Why Kids and Youth Ministries Drift from Jesus

Three ways ministries can subtly drift from the gospel

Several years ago, I wrote a book with my good friends Matt Chandler and Josh Patterson about Jesus being the center of a local church. We called the book Creature of the Word, the title coming from an old Martin Luther quote where he taught that that when the gospel is rightly declared and applied to God’s people, the church becomes “a creature of the Word.”

As the book was released we were asked to do interviews and podcasts about the book. Well, actually most of the interviewers wanted to talk to Matt because, well, he is Matt Chandler. A question Matt was asked several times was, “Where does a church often shift away from the gospel without realizing it?” I thought Matt’s answer was profound and it applies to both churches and families. Matt would respond, “It can often happen subtly in the kids ministries and youth ministries of a church.”

Why can a drift from Jesus at the center of a church happen easily in kid’s and youth ministries? I think for at least three reasons:

1. Teaching Behavior Can Be Attractive to Parents.

Who doesn’t want their kids to behave? I want my kids to behave! Because of this, there is a subtle attraction to teaching that focuses kids on important actions such as obeying their parents, being responsible, and treating people with kindness. These are all really good things! But remember the religious leaders in Jesus’ day focused on behavior too, and Jesus told them that they were focused on the outside of the cup while the inside of the cup was unclean.

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Jesus never affirmed right behavior apart from a transformed heart. And the reality is that commitments and actions not rooted in our new identity as Christ followers won’t last anyway. If we teach character apart from Christ, we burden kids with expectations they will not be able to live up to because none of us can obey God apart from him transforming our hearts.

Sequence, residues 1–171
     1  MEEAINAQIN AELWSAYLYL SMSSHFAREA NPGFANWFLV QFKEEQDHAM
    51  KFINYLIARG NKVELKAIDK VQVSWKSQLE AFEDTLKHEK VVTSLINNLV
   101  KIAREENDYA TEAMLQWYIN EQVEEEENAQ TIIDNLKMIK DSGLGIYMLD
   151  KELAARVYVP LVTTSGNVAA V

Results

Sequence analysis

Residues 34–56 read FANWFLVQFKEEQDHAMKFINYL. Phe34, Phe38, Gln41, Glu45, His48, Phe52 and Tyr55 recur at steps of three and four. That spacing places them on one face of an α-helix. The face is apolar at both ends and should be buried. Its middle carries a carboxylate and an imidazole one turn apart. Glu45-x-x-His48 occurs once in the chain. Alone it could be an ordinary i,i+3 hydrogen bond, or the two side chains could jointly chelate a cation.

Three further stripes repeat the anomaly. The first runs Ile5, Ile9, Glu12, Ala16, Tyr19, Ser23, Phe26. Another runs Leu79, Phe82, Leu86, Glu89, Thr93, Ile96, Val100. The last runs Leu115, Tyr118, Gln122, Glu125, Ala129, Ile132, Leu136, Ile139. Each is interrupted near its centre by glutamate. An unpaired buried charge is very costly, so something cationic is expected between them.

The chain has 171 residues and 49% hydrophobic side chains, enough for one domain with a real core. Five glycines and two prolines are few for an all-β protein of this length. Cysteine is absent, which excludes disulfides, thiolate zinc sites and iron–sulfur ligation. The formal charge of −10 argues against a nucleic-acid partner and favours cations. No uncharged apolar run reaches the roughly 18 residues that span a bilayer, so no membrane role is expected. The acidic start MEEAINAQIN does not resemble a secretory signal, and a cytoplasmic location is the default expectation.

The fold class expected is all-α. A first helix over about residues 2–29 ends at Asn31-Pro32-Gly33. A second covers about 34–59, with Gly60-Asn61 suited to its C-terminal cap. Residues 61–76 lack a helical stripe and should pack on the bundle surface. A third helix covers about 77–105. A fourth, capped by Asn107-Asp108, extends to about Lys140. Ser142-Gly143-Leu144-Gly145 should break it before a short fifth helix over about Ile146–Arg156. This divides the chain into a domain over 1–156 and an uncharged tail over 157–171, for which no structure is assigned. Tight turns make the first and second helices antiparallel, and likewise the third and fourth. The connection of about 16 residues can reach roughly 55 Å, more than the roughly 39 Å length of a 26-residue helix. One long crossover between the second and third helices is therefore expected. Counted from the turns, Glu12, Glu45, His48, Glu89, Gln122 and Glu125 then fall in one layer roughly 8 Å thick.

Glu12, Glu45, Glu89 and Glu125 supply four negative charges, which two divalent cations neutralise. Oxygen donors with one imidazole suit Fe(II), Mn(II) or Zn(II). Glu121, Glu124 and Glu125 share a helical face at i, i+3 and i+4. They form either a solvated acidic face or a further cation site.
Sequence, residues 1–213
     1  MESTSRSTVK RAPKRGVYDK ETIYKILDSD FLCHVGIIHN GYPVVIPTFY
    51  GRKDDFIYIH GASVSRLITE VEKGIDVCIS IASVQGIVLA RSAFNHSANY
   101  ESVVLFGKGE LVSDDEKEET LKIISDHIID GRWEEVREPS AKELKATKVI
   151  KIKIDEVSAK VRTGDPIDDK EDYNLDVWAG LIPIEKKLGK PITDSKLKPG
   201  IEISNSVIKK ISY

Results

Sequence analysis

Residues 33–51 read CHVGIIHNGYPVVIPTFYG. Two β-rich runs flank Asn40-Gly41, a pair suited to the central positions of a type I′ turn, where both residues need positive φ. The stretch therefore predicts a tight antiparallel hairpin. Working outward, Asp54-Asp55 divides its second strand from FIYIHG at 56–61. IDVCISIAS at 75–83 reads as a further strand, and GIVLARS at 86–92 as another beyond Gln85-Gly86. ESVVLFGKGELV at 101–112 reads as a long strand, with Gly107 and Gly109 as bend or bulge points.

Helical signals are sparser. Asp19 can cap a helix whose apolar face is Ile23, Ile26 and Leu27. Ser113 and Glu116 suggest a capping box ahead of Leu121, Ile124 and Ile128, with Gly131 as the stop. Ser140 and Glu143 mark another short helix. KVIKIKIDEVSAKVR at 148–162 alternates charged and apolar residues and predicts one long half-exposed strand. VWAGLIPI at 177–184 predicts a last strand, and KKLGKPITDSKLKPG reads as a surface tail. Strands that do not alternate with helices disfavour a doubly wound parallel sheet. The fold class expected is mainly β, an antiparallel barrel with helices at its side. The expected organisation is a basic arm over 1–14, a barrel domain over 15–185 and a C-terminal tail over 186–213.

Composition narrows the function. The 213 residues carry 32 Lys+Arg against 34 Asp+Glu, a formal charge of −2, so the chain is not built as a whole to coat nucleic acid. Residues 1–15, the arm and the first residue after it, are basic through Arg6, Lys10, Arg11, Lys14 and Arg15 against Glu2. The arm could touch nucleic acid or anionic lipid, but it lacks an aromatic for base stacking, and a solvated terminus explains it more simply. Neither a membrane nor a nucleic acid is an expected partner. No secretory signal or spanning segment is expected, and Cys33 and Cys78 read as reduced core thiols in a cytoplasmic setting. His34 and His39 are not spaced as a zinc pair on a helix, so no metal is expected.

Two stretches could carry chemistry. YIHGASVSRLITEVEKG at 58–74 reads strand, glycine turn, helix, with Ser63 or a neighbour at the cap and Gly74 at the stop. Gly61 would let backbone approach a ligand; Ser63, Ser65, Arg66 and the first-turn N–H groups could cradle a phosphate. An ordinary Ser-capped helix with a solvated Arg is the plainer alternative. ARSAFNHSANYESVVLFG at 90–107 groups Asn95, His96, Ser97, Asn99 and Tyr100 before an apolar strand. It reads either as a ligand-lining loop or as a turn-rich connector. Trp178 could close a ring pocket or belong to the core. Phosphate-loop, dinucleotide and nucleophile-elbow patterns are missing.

2. Teaching Jesus Will Offend Some.

The message of Jesus has always been and is still fundamentally offensive. The message of Jesus confronts us with our inability to rescue and fulfill ourselves and shows us that He is our only hope. A kid’s ministry and youth ministry that points people to Jesus over and over again is choosing to build a ministry on the only One that can transform. But the One who will transform is also the One who will offend—the Cornerstone and the stumbling block. To keep Jesus at the center of a ministry will offend some.

3. As Leaders We Prefer Applause.

Leaders of kid’s ministries and youth ministries are people just like us—which means they prefer applause to criticism. There will be plenty of applause and approval if we teach virtues rather than the Vine. But we can’t live virtues consistently or sincerely apart from the Vine.

As a parent and as a pastor I have experienced the subtle temptation to drift from Jesus. And I know the way to overcome is to fight, to bring the grace of Jesus to the center of my parenting and pastoring. A story I have used with my daughters to teach them about God’s grace has become a kid’s book—actually a book that Evie (my youngest) and I have written. It is a parable about the grace we receive when we trust Jesus and the freedom of not living for approval. The book is called The Quokkas, the Snails and the Land of Happiness.